Walter Giffard, during his absence in England at the time of the Norman Conquest, left his Steward Herbrand de Sackville to guard his lands in Normandy. In reward for his good Services Herbrand was offered the choice between Crendon and Fawley. He chose Fawley ‘on account of its beauty‘ and was Holding it in 1086. He was succeeded by his son William, probably the father of the William de Sackville who was Holding in 1166. Jordan de Sackville died Seised in the early 13thC. In 1234 Bartholomew de Sackville had a Gift from the King of Timber for a Room (camera) at his Manor of Fawley. He paid a Mark for Scutage in 1236, and his name appears in the Roll of Arms under Henry III. About 1234 Bartholomew de Sackville claimed the Right of View of Frankpledge in Fawley on the ground that it was included with all Liberties in Earl Giffard’s Grant to his Ancestor Herbrand and exercised by him & his successor, William de Sackville. The Right had been in abeyance from the time that Earl Giffard’s Lands had been taken into the King’s Hands, and, although after the War the elder William Marshal had enforced the Liberties of his Fees, the younger William & Richard Marshal had not been able to secure those for Fawley owing to a claim by Fawkes de Breauté. In 1254 William de Valence (then Overlord) was said to have the Right of Holding the View of Frankpledge in Fawley, but before 1362 this was exercised by the Lords of the Manor. Reference to both Courts Leet & Baron occur in 1833. A series of Court Rolls commencing with 1362 and extending with some gaps to 1479 are preserved in the British Museum. In 1379 the Customary Tenants paid a fine of £1 to the Lord on the marriage of their daughters. In 1397 Bartholomew Shepherd, on his acceptance as a Customary Tenant of a Messuage and ½ a Virgate of Land for 7 years, paid a Fine of 6-Capons. In 1409 5 places are named in the Manor where the Water was for the Common use of the Tenants, according to Ancient Custom, in addition to half the water at Bosmore. The Right of the Lord to a Private Way to the Thames for the Watering of his Horses is enforced. Frequent references to Fishing Rights in the Thames occur from 1560.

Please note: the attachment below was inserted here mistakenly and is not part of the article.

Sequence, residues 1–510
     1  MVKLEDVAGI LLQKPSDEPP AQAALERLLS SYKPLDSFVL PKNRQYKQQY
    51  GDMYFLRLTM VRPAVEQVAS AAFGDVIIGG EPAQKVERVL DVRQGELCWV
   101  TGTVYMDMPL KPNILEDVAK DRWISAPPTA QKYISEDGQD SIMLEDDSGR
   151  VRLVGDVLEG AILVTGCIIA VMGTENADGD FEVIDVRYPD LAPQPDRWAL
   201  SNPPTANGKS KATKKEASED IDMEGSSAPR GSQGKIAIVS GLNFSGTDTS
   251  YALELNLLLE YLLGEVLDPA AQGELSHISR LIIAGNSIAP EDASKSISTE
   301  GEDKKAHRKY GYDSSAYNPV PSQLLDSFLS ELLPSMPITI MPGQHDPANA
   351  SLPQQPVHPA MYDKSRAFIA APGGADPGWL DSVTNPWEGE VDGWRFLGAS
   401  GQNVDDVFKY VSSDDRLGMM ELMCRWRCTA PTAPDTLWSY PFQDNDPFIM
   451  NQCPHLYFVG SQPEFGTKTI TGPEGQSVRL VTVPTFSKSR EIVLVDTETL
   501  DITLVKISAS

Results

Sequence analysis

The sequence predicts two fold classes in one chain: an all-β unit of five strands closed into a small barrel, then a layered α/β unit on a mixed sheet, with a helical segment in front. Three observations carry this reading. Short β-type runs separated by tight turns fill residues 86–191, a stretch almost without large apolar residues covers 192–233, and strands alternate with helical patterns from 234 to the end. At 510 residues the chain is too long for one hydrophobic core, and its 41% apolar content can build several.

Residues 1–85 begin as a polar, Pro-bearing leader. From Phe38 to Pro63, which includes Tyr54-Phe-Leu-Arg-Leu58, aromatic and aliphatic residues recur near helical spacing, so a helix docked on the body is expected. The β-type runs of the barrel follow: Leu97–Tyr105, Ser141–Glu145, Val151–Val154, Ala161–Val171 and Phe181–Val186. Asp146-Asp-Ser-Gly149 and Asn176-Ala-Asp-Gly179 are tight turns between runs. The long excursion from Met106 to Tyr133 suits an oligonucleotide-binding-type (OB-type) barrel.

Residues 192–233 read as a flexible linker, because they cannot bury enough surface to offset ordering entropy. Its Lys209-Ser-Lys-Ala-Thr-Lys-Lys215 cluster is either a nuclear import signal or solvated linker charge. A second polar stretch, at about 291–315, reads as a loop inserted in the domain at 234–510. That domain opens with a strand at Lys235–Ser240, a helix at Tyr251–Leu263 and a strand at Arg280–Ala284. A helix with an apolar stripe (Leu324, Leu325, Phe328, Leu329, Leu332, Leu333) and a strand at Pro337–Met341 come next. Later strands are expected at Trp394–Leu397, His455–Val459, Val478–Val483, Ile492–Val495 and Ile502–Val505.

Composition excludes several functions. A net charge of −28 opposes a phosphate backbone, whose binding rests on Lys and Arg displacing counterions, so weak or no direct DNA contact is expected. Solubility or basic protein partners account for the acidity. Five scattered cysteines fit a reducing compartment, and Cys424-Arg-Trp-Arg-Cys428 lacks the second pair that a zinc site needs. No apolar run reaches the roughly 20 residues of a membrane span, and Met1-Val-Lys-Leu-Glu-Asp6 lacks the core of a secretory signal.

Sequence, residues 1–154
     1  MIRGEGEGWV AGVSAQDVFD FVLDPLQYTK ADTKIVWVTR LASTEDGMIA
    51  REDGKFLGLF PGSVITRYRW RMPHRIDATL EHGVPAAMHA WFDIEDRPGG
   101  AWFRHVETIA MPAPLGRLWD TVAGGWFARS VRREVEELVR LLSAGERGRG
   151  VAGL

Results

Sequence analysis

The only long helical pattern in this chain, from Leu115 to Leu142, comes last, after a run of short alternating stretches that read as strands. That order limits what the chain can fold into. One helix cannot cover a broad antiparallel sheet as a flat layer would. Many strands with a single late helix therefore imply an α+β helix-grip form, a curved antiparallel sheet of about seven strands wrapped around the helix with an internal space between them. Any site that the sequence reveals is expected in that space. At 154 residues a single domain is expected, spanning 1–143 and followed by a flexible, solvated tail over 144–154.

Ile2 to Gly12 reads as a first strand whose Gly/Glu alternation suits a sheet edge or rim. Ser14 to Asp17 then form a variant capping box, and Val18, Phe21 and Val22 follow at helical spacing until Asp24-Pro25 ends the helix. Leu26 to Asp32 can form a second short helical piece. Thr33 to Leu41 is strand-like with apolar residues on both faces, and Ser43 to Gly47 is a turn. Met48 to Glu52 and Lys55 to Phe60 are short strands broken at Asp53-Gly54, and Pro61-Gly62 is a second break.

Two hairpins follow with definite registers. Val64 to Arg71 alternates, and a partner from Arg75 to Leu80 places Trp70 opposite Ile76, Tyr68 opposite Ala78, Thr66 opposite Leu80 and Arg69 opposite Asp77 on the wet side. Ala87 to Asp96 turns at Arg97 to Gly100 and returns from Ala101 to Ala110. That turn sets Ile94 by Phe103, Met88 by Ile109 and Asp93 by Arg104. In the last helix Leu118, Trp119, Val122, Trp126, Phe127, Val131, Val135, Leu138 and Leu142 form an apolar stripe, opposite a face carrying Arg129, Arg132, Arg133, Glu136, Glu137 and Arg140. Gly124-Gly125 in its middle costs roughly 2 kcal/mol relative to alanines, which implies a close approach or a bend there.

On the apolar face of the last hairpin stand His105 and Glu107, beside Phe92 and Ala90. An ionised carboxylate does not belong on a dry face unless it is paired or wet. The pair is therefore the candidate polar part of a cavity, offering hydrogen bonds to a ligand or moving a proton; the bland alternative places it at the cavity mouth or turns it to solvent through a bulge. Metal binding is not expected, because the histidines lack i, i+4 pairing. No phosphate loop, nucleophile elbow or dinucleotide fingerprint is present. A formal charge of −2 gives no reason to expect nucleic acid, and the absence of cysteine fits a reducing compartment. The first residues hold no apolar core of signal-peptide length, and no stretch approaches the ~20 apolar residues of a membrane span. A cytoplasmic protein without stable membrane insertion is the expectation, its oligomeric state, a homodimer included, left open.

Jordan de Sackville, probably his son, was holding in 1284 and had been succeeded before 1302 by another Bartholomew. Thomas de Sackville, Lord of Fawley in 1316, made a Settlement of the Manor in the following year on his wife Maud for life, who, after his death between 1325 & 1332, married John de Whitfield, probably the MP for Oxfordshire in 1327. In 1343 Fawley was held by Thomas de Sackville, a Minor, who was son and heir of Robert, presumably brother of the previous Thomas de Sackville. He appears to have attained his majority and to have been Knighted before 1358. He was holding in 1367, but appears to have been succeeded before 1371 by his son Thomas, afterwards Sir Thomas de Sackville, Knight, who represented the County in Parliament several times between the years 1379 & 1394, and was one of the Commissioners of Array in Buckinghamshire in 1399 & 1403. His son Sir Thomas Sackville, Knight, MP for the County in 1434, was holding in 1419, and was living in 1449. His son Thomas Sackville succeeded about 1455. Fawley passed before 1477, by the marriage of his daughter and heir Margery, to Thomas Rokes or Rooks, to his grandson Thomas Rokes, who was elected Sheriff of Bedfordshire & Buckinghamshire in 1477 and 1486. He died Seised of the Manor of Fawley in 1527 and was succeeded by his grandson Edmund, son of Thomas Rokes, who had predeceased his father. Robert Rokes, another son of Thomas Rokes, father of Edmund, Settled Fawley on his 2nd wife Elizabeth in 1560 and again in 1577. After his death in 1580 she married John Alford and they were both Seised of Fawley Manor in 1585. William Rokes surrendered his reversionary interests in Fawley to John Alford in 1589, and before 1602 the Manor had passed to William, afterwards Sir William Alford, and his wife Elizabeth, daughter and heir of Robert Rokes. She died in 1608, leaving 2 daughters Minors. In 1614 Sir William Alford purchased from Edward Alford his Rights in a Lease of the Manor which had been held by Sir Launcelot Alford, father of Sir William. The latter sold it in 1617 to James, afterwards Sir James Whitelocke, who settled it in 1630 on the marriage of his son Bulstrode, later Sir Bulstrode Whitelocke, with Rebecca Bennett, and died in 1632. Sir Bulstrode Whitelocke was Member for Great Marlow in the Long Parliament and Lord Commissioner of the Great Seal and Ambassador to Sweden under the Commonwealth. He died in 1675, and 4-yrs later his son and heir Sir James Whitelocke sold Fawley Manor to Richard Stevens, presumably on behalf of William Freeman, who rebuilt Fawley Court in 1684. He died in 1707, bequeathing Fawley Manor in Tail-Male to his nephew John Cook, who was to take the name of Freeman.